- Pax is written by Sara Pennypacker and illustrated by Jon Klassen. Published by Balzer & Bray, an imprint of HarperCollins Publishers, 2016. 276 pgs. ISBN: 978-0-06-237701-2
Maybe A Fox
Sylvie and Jules are more than sisters, they are best friends. Living with their dad in Vermont, and still healing from the sudden death of their mother several years earlier, the girls have a strong bond that has held them together through tough times. Then one winter morning before school, as the girls are building a tiny snow family, Sylvie decides to throw a wishing rock into the “slip,” a dangerous part of the river that disappears underground, a place where their father has forbid them to go. But Sylvie is fast, really fast, and she promises Jules she’ll be back before the bus arrives. Jules waits and waits, but Sylvie never returns. At the same time, a shadow fox is born. Senna is a creature who is half of the spirit-world, and half of the animal-world, arriving with a special mission, though she does not know what it is, only that she must be fast, really fast. In the human world, Jules is devastated by the loss of her sister, and takes comfort in her rock collection, in her friendship with Sam, and in quiet visits with Sam’s older brother Elk, who is also grieving. Having just returned from fighting the war in Afghanistan, Elk is dealing with post-traumatic stress and the loss of his best friend, Zeke. Both Jules and Elk find solace in the woods around their homes, and in connections with wild animals- Elk with a catamount, and Jules with a fox, who she senses is connected to Sylvie somehow. In alternating chapters that are told from the voice of Jules and from the voice of the fox, a mythic story unfolds that reaches across physical and nonphysical worlds and explores the spiritual connection between all beings. As Jules unravels her feelings about Sylvie’s disappearance and her fading memories of their mother, she knows she must make one final wish for her sister. Though she has solemnly sworn to never go near the slip again, Jules makes her way down to the river. And in a peak moment that brings together humans, animals, and the shadow world, the lives of Sylvie, Jules, Senna and their mother connect in an epically beautiful, heart-achingly stunning scene. A fantastic story that is at once wrenching and completely uplifting.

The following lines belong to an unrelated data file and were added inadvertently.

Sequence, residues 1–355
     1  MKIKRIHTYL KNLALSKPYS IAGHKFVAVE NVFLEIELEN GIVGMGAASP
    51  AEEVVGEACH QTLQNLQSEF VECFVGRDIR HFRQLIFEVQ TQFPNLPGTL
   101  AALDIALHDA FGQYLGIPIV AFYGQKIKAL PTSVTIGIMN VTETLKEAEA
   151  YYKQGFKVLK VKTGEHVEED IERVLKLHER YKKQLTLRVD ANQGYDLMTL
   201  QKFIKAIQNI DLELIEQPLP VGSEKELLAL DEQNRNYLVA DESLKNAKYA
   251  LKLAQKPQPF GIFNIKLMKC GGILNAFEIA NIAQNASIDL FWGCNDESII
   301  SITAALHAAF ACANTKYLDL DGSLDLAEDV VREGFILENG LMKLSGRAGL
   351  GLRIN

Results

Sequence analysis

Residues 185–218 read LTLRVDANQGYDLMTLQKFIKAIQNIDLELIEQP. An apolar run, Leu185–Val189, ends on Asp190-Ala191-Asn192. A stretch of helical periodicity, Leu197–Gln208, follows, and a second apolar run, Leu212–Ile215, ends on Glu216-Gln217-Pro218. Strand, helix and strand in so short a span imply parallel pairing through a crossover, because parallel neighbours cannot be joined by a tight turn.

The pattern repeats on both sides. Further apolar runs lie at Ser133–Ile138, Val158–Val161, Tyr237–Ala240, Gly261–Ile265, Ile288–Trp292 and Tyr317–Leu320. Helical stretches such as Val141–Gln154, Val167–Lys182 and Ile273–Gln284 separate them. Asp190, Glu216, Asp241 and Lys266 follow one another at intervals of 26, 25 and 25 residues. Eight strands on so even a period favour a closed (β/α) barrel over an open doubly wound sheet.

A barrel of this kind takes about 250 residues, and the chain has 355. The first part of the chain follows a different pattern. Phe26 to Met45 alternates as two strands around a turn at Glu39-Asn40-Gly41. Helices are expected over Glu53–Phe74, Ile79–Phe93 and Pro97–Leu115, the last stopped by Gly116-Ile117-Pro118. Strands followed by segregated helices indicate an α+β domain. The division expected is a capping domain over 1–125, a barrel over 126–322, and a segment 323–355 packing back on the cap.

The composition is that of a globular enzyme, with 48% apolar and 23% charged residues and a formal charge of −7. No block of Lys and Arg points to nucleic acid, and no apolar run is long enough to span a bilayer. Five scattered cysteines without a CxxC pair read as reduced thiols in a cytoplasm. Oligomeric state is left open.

- Maybe A Fox is written by Kathi Appelt and Alison McGhee. Published by Atheneum, Caitlyn Diouhy Books, 2016. 272 pgs. ISBN: 978-1442482425
ABOUT THE AUTHOR
Cheli has been involved with creative arts and education for most of her life, and has taught many subjects from art and books to yoga and zoology. But she has a special fondness for kid’s books, and has worked in the field for more than 20 years. She is a freelance writer and regular contributor to Valley Kids and teaches a course for adults in “Writing for Children.” She writes from Colrain, where she lives with her musician-husband, three children, and shelves full of kid’s books.